As we left the trail and ran through the neighborhoods near the finish, the rolling hills came in. I slowed up them but kept running, and tried to recover as best I could through the downhills. The last mile was on a main road that was supposed to be closed off still had several cars on it who were inching down the road and squeezing between the cones and the few runners left. There was a steep hill about a quarter mile from the end and I walked a few steps up that one, but then came in just as the clock flipped to 1:17.

I don't know that there is much that I could have changed in my approach to the race other than to be in better shape and lose more weight. Going 10K is a lot different than going 5K. I was much more wary about burning too much energy early and maintaining a steady pace. The mental battle I had with myself was interesting. It was very hard to swallow my pride and not try to catch up to people. It was very hard being the last man on the course and being beaten to the line by a group of run/walkers. I can't say that I'm happy with my performance, but I do know it was the best I can do at the moment. 

Wednesday, May 9, 2012


Music has always been an important part of my life, though I think most people can say the same thing. I remember when "Fight for Your Right" was released and became a big hit. It was catchy and funny and had a cool video.  All the kids at school loved the song. I distinctly remember having a conversation in class where I took the position that the Beastie Boys were idiots, and while the song was catchy, that type of ridiculous kitsch wasn't sustainable. I'm sure I didn't use those types of terms, but my point was the same.  These guys are a bunch of fools jumping around and shouting, not musicians.

Little did I realize how wrong I was. Fast forward 10 years and I was a huge fan of their music. Check Your Head was in regular rotation in the dorm room. Ill Communication blew me away. But not only the music had improved, they also took on a more mature approach to their persona. The one thing that I was right about in their early style was that they were idiots. But as a group, following the lead of Adam Yauch (MCA) they took great pains to rectify that. See those early roles they played were just that, a role. An image that was funny, sarcastic and over the top to effect a reaction from their audience. As they matured, they began to realize the influence they had over their fans and started to use that for positive causes.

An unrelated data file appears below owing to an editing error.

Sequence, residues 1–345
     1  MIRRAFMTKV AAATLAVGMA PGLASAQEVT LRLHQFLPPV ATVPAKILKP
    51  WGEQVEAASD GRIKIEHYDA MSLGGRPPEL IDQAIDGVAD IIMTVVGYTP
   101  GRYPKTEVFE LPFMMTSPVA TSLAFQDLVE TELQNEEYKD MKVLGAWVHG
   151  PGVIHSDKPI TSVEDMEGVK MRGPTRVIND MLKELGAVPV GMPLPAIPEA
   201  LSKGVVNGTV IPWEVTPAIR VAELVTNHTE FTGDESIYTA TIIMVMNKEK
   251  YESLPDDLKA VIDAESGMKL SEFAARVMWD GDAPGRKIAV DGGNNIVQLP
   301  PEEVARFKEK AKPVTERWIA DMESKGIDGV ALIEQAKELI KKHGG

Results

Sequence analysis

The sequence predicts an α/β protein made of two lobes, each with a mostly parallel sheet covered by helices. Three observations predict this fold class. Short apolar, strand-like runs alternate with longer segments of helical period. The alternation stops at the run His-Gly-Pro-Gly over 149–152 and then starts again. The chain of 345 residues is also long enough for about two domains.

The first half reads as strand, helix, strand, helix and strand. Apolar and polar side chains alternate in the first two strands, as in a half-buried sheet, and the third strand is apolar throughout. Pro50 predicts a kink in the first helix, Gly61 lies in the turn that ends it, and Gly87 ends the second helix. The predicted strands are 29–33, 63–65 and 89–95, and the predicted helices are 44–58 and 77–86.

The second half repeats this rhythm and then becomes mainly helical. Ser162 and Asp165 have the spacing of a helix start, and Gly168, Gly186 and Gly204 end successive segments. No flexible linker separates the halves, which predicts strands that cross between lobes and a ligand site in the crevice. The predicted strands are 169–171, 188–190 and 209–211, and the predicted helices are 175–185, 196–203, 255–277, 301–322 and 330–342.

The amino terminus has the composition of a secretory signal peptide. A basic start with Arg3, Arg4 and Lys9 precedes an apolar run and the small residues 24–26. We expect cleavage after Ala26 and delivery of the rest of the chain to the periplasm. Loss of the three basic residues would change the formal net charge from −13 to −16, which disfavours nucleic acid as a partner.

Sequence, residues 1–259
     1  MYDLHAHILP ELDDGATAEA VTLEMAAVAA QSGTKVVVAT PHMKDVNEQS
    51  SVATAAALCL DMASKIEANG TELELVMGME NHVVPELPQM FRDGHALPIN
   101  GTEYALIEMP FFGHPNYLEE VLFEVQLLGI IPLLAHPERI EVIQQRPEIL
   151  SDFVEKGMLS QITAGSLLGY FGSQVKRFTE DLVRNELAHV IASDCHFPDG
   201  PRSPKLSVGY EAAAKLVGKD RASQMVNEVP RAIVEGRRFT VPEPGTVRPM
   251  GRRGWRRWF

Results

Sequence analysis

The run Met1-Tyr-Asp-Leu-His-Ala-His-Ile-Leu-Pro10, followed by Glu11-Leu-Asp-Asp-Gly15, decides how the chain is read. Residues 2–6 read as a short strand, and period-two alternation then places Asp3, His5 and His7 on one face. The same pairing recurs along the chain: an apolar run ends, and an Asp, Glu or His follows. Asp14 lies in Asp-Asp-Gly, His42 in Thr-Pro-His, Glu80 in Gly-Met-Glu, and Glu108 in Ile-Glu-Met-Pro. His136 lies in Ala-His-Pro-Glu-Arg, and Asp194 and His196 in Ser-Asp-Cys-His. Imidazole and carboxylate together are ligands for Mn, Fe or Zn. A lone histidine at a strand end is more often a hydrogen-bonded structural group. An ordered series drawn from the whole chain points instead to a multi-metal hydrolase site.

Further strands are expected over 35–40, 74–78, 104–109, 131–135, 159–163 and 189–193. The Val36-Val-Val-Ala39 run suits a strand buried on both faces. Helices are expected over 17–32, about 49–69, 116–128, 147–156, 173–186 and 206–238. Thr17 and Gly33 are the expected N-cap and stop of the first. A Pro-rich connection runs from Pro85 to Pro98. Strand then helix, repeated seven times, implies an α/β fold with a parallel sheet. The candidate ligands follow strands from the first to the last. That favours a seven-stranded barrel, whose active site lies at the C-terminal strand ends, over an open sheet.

Adam Yauch who passed away late last week was the driving force behind that maturation. After all the misogynistic lyrics of their early albums, they opened Ill Communication with Sure Shot, where Yauch raps:

I Want To Say a Little Something That's Long
The Disrespect To Women Has Got To Be Through
To All The Mothers And Sisters A And The
Wives And Friends
I Want To Offer My Love And Respect To The

Not your standard rap fare, and certainly a departure from their early works. But it was important to them that now that they had the ears of their audience, that they used that power to share a positive message. Yauch went on to champion causes he believed in, such as the freedom of people in Tibet. He left that drunken idiot persona behind, and made me realize that it was just a persona while he did what he could to make a difference with the people he influenced.

Any of us can change. Most of us have the ability (and the responsibility) to influence at least a few people, maybe not the millions that a chart topping artist can reach, but at the very least our friends and family. Its important that we are always aware of that influence and ensure that we use it responsibly.